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What is the Difference Between White and Brown Eggs?

Mary McMahon
Updated May 16, 2024
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The simple answer to this question is that, beyond the color, there is no difference between chicken eggs of different colors. White and brown eggs are nutritionally identical, and, on the inside, they are physically identical as well. Despite what you may have heard about how one is more natural or nutritious than the other, both colors of eggs are products of real, live chickens, and their exterior color is not an indicator of nutritional content or anything else, beyond the breed of chicken involved in egg production.

One may well ask why there are white and brown eggs at all, if they are nutritionally identical. The color of chicken eggs is determined by materials which are deposited while the eggs develop inside the hen's oviduct. Some chickens deposit white pigments, while others deposit brown pigments, and some chicken breeds like the Aracauna and Americauna lay blue to green eggs, just to add to the color spectrum. The original predecessor of the chicken, the Red Junglefowl, lays cream-colored eggs. Different egg colors appear to have developed over the course of centuries of breeding.

Both white and brown eggs contain a yolk and a white, each enclosed by a protective envelope, along with a tough outer membrane between the white and the shell, and two chalazae to keep the yolk anchored in the egg during fetal development. When you crack an egg open, you can get a number of clues which will provide information about how fresh the egg is, and how nutritious it is.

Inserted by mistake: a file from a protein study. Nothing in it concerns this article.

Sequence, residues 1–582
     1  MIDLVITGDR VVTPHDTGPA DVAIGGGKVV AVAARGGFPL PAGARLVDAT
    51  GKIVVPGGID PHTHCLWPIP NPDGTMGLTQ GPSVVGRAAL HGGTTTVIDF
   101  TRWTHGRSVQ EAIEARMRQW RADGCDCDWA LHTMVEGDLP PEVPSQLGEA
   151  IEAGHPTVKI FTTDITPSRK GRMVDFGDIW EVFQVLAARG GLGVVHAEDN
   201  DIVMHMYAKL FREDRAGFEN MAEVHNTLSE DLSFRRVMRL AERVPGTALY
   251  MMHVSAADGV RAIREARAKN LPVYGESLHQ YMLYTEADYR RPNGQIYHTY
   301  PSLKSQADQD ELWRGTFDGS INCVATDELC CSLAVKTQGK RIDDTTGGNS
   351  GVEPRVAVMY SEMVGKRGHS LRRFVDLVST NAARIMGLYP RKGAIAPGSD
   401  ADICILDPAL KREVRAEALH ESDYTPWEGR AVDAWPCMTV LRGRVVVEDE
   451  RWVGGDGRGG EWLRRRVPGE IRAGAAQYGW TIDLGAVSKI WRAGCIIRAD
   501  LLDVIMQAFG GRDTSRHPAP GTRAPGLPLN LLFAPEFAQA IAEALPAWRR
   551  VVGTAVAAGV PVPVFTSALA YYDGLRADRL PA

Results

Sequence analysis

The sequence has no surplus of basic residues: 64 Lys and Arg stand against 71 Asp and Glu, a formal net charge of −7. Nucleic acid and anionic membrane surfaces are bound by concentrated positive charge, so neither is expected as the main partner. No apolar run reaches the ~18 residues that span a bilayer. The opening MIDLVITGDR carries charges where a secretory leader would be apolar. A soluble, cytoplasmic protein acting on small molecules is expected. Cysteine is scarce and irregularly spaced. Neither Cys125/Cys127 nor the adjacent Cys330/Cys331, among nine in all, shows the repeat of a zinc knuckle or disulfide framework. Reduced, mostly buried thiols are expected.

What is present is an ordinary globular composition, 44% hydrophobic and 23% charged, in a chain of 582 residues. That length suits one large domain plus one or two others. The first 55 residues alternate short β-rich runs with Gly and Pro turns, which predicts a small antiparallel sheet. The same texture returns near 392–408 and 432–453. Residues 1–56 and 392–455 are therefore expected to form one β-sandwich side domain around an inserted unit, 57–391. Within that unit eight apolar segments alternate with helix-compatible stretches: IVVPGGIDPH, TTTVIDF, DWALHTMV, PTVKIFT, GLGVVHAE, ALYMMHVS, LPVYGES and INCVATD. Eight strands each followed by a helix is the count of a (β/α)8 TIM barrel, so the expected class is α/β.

In fresh eggs, the string-like chalazae are clearly visible and well-formed. More nutritious eggs have darker yolks, reflecting a greater concentration of vitamins and minerals. Since the yolk is supposed to feed a chicken while it develops in the egg, yolks are already designed to be highly nutritious, but the more nutritious, the better, in the eyes of many consumers. Eggs with dark, firm yolks and distinct chalazae are fresh and highly nutritious, no matter what color their shells are. Fresh, nutritious eggs tend to taste better and perform better in baking.

While it's not a hard and fast rule, in general, chickens with red ear lobes lay brown eggs, while chickens with white ear lobes produce white eggs. Ultimately, white ear lobed chickens will lay white eggs most of the time, it really depends upon the genetic makeup of the chicken. White chicken eggs were pushed on consumers for a brief period of time in the 20th century, leading some people to believe that all chicken eggs were white. This practice was presumably designed to make it easy for consumers to see that the eggs were spotlessly clean, to allay concerns about food borne disease. When farms began selling brown eggs again, many promoted their products as “natural” in the hopes of appealing to a specific customer demographic, when in fact white eggs (and green ones) are just as natural. White and brown eggs are usually sold separately, reflecting the fact that most egg farmers use flocks of one breed only, but eggs from small farms often come in a mix of colors and sizes, reflecting a diverse flock.

DelightedCooking is dedicated to providing accurate and trustworthy information. We carefully select reputable sources and employ a rigorous fact-checking process to maintain the highest standards. To learn more about our commitment to accuracy, read our editorial process.
Mary McMahon
By Mary McMahon

Ever since she began contributing to the site several years ago, Mary has embraced the exciting challenge of being a DelightedCooking researcher and writer. Mary has a liberal arts degree from Goddard College and spends her free time reading, cooking, and exploring the great outdoors.

Discussion Comments
By anon85514 — On May 20, 2010